from Wiktionary, Creative Commons Attribution/Share-Alike License
- n. The quality or state of being vivid.
from The Century Dictionary and Cyclopedia
- n. The property of being vivid, in any sense; vividity.
from WordNet 3.0 Copyright 2006 by Princeton University. All rights reserved.
- n. interest and variety and intensity
- n. chromatic purity: freedom from dilution with white and hence vivid in hue
Her presence and vividness is what raises a two or three star rating to a four star rating.
If the pleasure arising from the gratification of these propensities were universally diminished in vividness, violations of property would become less frequent; but this advantage would be greatly overbalanced by the narrowing of the sources of enjoyment.
His version was something of a pioneer effort, and if it sometimes lacked the dignity of the earlier translations it lacked nothing in vividness and colour.
Likewise, the slapdash epistolary style of the MS., which had a certain vividness of its own.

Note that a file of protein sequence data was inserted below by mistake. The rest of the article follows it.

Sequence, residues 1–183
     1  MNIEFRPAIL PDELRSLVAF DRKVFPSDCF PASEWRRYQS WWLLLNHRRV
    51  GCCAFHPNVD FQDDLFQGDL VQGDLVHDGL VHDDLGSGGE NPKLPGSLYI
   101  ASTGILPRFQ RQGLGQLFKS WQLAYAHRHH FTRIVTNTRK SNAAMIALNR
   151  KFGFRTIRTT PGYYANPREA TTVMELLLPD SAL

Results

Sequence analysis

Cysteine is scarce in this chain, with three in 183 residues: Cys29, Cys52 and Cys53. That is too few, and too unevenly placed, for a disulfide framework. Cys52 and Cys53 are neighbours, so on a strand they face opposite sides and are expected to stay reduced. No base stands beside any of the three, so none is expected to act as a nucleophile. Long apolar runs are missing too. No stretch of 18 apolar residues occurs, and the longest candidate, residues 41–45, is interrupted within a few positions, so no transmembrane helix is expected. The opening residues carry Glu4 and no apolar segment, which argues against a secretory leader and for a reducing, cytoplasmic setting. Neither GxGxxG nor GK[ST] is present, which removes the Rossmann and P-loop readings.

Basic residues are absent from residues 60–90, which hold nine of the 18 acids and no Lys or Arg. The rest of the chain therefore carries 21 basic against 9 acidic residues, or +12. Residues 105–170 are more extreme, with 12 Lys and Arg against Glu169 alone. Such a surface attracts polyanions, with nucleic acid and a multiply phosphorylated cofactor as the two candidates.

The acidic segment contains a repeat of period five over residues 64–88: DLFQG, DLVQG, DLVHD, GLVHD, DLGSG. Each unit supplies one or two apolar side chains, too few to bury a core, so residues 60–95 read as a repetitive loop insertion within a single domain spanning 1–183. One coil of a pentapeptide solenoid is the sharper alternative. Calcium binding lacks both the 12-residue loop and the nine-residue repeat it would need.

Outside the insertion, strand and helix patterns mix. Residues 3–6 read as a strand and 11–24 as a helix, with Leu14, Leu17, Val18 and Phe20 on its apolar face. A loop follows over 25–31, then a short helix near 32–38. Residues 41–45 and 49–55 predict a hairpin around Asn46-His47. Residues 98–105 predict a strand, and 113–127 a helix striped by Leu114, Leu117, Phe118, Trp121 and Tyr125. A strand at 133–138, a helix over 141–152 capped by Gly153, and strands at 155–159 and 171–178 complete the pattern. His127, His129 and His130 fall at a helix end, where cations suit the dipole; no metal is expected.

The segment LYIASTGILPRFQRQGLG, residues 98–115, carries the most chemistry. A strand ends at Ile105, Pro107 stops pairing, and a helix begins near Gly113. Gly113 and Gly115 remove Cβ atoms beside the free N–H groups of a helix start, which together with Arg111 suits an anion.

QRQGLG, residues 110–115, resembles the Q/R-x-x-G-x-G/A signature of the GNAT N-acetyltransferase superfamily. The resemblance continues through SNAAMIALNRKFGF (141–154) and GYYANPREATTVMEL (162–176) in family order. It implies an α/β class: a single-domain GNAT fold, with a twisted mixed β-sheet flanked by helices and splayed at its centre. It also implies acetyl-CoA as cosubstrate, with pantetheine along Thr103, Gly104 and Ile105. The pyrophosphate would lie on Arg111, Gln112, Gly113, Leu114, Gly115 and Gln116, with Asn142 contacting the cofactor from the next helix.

New England "jerk" beat me in vividness and vigor of language.
I came from the West, where men knew how to swear, and I wasn't going to let any mangy shack on a measly New England "jerk" put it over me in vividness and vigor of language.
"A faint reddish light betrays itself through some of the windows of the minster; by degrees it increases in vividness; until at length the flame from which it proceeds bursts fiercely forth, illuminating the adjacent towers, and mingled volumes of smoke, and masses of brilliant sparks, now rapidly ascend to the skies; a great portion of the roof of the building falls in; and the dreadful conflagration is at its height when the scene closes" (Altick 167).
a measly New England "jerk" put it over me in vividness and vigor of language.
We would lose all sense of Donne’s art by losing touch with the historical reality he lived and breathed in and worked with, and which much of his language’s peculiar vividness is given over to revealing.
Then, by the force of the original intention we had set -- which was to settle our mind in a state of vividness, which is not made artificial with any thought and which is not construed -- any new thought that arises automatically ceases.